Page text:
Also: Threats to historically black colleges show the struggle for freedom continues
13 February 2022  Issue No: 679
Top Stories
PHOTOLarge-scale global geopolitical changes are shaking the world of higher education – from changes to mobility patterns to the rise of private competition when it comes to upskilling the workforce. Could the growth of transnational education be one way for the old guard to respond?
Repeated bomb threats against historically black colleges and universities in the United States have raised questions about how far the country has come since black people were forbidden by law to learn to read, and the Ku Klux Klan terrorised freed slaves.
To their horror, South Asian students have found that caste discrimination and harassment follow them overseas where there is a large South Asia diaspora or foreign students on campus. This led the California State University system to add caste to its list of protected groups.
PHOTOThe European University Association has set out a radical vision to support its 850 member institutions in 48 European countries to move to an open science system that aspires to open access not only to scholarly outputs, but the whole research process.
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World Blog
PHOTOChina’s higher education internationalisation has moved from inbound to outbound in recent years, with Chinese universities now establishing overseas branches and programmes, although the balance is still mostly towards inbound internationalisation. While this could change, given China’s ambitions, there are still barriers in the way, ranging from quality and cost to politics.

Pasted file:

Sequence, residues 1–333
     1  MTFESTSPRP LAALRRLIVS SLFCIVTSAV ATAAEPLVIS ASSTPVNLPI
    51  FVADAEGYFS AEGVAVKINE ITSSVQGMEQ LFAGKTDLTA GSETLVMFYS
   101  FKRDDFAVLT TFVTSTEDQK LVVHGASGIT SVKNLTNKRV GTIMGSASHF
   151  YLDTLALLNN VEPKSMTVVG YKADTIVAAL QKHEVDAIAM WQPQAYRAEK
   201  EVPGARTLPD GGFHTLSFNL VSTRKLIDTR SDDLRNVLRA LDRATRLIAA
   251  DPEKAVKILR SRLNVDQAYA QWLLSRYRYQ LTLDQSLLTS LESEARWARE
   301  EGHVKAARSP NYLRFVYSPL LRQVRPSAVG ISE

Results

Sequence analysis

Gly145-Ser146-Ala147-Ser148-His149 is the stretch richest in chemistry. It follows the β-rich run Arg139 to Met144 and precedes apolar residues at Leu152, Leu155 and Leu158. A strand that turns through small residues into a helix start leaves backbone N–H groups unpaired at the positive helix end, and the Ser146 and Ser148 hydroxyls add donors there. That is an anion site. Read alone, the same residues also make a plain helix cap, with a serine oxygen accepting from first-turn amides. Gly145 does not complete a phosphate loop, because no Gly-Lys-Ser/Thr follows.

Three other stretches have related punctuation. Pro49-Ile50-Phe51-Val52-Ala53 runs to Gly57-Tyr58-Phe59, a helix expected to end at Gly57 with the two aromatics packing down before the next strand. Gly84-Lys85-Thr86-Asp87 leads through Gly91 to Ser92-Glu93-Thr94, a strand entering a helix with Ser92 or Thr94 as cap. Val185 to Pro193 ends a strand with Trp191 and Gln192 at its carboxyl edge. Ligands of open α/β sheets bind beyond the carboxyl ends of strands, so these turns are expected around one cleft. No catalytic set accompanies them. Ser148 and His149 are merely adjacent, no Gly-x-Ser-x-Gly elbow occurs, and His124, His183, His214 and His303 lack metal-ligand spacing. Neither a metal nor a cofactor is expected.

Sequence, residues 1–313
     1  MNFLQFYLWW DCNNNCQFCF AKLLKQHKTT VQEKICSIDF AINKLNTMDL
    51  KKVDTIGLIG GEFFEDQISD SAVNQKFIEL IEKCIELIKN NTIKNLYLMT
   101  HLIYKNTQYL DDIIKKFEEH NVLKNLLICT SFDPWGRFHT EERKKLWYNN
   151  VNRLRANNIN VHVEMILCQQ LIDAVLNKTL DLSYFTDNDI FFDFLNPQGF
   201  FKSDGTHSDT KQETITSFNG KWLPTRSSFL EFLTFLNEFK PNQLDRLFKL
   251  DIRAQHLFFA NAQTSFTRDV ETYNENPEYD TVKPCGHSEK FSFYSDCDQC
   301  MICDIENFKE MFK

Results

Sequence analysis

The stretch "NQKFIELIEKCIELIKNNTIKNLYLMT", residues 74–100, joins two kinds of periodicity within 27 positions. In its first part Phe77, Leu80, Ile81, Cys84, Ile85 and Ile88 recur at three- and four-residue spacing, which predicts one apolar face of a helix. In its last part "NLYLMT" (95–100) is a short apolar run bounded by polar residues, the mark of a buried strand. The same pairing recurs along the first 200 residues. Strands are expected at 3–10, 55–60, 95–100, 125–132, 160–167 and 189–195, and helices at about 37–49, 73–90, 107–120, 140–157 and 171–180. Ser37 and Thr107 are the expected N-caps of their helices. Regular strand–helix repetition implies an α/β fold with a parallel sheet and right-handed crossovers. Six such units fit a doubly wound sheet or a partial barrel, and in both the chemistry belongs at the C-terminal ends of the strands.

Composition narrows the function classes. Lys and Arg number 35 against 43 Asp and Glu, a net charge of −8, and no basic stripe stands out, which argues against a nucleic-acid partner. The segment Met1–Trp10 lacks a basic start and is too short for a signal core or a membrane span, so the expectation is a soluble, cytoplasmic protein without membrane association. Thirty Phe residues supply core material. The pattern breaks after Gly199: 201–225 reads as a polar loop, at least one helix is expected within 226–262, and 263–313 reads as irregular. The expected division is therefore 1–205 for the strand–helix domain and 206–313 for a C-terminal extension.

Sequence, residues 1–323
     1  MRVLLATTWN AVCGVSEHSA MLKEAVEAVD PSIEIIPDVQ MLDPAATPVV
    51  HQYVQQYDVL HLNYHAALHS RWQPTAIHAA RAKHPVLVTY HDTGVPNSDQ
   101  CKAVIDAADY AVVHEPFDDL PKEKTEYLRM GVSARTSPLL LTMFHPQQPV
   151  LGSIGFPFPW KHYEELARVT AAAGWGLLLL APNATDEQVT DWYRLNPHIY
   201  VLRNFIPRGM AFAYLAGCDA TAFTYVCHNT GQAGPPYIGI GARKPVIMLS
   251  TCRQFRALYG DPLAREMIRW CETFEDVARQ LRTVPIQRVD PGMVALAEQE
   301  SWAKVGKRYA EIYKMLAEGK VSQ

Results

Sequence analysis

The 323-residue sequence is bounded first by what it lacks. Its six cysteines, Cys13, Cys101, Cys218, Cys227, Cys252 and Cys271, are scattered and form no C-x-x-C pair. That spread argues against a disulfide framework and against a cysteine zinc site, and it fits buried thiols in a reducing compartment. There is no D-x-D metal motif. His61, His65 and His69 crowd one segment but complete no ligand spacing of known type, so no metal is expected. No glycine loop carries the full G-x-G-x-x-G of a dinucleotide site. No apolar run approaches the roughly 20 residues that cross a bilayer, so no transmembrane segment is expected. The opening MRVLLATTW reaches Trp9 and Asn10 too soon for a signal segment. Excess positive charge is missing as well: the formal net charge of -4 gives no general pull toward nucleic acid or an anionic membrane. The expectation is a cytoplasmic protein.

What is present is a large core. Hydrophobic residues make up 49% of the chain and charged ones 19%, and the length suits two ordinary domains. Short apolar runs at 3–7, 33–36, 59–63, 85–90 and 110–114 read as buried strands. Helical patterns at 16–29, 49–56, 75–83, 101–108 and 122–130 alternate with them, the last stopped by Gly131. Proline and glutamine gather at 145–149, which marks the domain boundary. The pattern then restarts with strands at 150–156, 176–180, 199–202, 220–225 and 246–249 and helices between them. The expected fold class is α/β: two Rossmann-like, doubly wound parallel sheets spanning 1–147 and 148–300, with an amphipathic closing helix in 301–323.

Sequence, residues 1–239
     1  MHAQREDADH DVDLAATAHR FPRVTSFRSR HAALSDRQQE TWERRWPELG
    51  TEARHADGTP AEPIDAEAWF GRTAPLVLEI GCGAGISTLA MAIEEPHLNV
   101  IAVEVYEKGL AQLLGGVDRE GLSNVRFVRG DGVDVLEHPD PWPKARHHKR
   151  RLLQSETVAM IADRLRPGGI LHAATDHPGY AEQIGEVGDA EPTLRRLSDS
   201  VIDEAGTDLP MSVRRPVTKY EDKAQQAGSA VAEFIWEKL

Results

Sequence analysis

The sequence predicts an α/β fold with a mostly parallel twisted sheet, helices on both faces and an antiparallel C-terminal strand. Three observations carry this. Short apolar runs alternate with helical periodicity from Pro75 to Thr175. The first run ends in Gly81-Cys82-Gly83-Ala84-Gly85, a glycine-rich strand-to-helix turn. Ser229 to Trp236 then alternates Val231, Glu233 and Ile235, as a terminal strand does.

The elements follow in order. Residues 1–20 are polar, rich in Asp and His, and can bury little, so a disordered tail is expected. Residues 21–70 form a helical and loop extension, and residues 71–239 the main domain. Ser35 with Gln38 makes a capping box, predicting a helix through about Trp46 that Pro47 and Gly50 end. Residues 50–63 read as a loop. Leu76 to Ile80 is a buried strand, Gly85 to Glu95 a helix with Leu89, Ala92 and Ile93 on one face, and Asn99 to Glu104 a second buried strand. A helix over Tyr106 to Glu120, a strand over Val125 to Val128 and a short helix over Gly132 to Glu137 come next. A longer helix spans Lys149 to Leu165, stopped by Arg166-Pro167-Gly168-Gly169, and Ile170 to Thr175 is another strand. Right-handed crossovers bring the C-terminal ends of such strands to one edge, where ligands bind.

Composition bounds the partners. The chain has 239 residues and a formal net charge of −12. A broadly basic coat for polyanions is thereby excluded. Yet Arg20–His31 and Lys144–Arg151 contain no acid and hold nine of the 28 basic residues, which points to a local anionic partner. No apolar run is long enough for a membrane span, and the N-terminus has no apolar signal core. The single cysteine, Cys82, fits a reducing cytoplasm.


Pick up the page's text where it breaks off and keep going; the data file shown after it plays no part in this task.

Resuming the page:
PHOTOTo navigate a turbulent political economy and a constantly changing international higher education landscape impacted by the COVID-19 pandemic, the internationalisation of higher education requires sustained collaborative, mutually beneficial stakeholder engagement, and astute leadership that is aligned with critical thinking.
PHOTOIt is with sadness that University World News reports the death of Tunde Fatunde, a Nigerian professor of Francophone studies at Lagos State University and one of our longest-standing correspondents. Fatunde was an interesting and insightful man, friendly yet fiery about his beliefs, his defence of humanity and his love of Africa.
Academic Publishing
PHOTOCOVID-19 has dampened academic research productivity even though virtual conferences and webinars have become an antidote for visa denials and a shortage of travel funding. Where academic publishing is concerned, there may be solutions to promote development in African countries, as well as increase international support.
Top Stories from Last Week
PHOTOUniversities need to look beyond the traditional source countries when deciding how best to target international student recruitment. But diversification strategies also need to create more inclusive campuses, say experts behind a new study into the next frontiers for diversifying student recruitment.
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